We had the opportunity to do a dialysis facility for The Aroostook Medical Center in Presque Isle, Maine,” says Richard B. Borrelli, Principal and Healthcare Studio Director at WBRC Architects Engineers. “Northern Light Health’s Dialysis Center was expanding, moving next door basically, due to rising demand.
“The new center was a complex fitout of a 9,500 sq. ft. lease space within a 1960s strip mall. When we had the opportunity to look at the space, we realized that we couldn’t incorporate a skylight as the roof structure would not support the added framework. And since it wasn’t the client’s building, spending any amount of money to upgrade the building structurally made little sense.
“However, we wanted a skylight-like feature in the middle of the treatment room because, like a lot of clinical spaces, it was located within a deep plan building where there’s no access to daylight. These central, windowless spaces are the perfect area to incorporate a visual connection to nature. Sky Factory products are extremely useful in deep plan buildings where a perceived connection to nature is most welcome.
“In dialysis care, maintaining visual contact with patients is essential. Very often a change in skin tone indicates that there’s something wrong with the treatment. And that’s why these environments feature cubicles surrounding a central nurses’ station. In our case, it was twelve stations.
“Patients come to the facility three times a week for potentially three hours at a time to undergo dialysis. This had to be an environment that was pleasant to the eye, that tried to bring in daylight-quality light, and that offered an attractive focal point.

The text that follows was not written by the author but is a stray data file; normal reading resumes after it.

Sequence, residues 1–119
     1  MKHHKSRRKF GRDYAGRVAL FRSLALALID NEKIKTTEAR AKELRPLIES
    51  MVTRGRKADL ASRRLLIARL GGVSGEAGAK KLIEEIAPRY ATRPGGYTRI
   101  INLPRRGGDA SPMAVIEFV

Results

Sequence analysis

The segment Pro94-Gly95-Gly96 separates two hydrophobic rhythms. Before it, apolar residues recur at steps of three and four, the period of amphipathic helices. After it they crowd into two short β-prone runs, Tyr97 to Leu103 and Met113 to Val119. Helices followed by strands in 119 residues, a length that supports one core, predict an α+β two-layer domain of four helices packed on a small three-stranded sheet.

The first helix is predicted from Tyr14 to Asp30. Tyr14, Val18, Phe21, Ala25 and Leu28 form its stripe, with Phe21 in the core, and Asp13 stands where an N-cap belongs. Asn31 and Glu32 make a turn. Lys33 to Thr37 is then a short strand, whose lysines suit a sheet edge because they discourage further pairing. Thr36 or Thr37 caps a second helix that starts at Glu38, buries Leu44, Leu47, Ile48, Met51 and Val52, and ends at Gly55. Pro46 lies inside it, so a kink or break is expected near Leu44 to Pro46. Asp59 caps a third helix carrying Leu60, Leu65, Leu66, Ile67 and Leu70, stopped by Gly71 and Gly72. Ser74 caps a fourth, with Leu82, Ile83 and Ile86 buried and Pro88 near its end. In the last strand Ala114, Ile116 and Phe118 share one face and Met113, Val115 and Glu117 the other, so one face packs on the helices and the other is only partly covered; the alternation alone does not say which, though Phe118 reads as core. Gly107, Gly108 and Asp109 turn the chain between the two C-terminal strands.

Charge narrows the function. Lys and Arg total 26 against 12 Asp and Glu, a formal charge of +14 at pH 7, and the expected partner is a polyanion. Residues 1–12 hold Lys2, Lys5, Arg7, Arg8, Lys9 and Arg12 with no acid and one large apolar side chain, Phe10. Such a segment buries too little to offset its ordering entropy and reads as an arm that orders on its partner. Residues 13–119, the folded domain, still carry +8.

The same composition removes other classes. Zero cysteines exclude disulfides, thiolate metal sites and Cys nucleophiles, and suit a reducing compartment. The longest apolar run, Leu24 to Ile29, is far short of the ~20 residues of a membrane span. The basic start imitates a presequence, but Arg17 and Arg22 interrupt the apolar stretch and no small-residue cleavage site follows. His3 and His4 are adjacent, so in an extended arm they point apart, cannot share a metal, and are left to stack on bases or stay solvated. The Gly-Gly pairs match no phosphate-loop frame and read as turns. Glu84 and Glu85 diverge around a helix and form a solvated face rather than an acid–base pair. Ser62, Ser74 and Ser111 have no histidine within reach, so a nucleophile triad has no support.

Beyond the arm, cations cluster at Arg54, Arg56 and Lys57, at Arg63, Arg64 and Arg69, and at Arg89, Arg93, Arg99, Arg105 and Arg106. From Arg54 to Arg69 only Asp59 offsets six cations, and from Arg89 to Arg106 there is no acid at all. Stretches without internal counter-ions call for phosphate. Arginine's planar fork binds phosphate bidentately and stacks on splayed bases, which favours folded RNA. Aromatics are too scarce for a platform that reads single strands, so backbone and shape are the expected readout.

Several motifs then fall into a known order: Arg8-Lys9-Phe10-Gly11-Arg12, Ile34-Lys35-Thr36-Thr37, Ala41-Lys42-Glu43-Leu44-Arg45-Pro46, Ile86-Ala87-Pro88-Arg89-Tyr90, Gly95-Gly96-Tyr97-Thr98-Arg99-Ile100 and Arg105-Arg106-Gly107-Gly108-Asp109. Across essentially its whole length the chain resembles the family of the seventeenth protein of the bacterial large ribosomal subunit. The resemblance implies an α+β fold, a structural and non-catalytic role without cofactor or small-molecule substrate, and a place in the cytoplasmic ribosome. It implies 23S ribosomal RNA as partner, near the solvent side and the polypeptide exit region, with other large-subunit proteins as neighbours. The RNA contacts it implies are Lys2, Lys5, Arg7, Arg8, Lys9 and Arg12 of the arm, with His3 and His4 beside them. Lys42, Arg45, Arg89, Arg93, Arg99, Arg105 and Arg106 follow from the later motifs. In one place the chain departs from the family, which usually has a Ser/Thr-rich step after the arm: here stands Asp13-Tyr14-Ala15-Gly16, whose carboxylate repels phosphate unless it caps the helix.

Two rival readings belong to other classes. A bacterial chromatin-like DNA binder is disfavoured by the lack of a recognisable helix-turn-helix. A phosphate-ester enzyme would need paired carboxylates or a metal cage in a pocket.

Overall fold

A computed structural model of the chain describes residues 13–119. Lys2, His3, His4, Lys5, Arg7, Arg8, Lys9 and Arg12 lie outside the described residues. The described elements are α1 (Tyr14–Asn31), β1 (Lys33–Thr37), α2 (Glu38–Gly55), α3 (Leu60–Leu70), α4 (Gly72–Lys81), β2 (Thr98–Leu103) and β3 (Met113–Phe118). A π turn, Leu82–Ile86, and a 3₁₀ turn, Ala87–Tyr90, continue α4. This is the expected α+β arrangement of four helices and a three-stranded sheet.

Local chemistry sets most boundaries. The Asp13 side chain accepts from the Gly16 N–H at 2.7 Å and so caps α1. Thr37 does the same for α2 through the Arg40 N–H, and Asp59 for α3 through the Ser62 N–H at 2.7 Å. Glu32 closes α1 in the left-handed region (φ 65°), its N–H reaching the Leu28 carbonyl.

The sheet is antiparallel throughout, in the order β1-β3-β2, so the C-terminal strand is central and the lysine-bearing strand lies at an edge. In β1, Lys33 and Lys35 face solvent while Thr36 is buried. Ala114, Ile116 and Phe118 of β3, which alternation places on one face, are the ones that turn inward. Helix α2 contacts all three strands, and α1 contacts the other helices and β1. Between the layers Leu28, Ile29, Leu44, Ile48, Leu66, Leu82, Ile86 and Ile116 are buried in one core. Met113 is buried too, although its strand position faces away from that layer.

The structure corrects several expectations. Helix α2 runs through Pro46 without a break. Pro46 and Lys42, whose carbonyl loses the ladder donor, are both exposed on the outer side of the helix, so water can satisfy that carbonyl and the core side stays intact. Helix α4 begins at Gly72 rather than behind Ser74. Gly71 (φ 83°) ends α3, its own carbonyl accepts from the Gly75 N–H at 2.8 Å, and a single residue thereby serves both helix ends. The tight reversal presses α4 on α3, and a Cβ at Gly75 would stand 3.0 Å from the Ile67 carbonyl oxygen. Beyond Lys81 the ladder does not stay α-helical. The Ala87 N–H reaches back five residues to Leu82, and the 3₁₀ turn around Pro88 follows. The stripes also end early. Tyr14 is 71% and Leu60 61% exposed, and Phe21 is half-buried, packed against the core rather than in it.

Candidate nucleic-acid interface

“As it turned out, we went out to bid on the project. The numbers came back and we were pretty close to where we needed to be, but we needed to reduce the cost of the project because there were some late additions equipment-wise and everybody looking for ways to save money on the project.”
“The good news was the owner’s rep started out that effort by saying, ‘The Sky Factory fixtures will not be eliminated from the project.’ And that was nearly the first time in 30 years of practice that I’ve heard an owner jumping in front of the bulldozer on a certain element. Generally, everything is up to be cut. And that really made my day—it made the project, in fact. And I think the images of the project really prove that,” remarked Borrelli.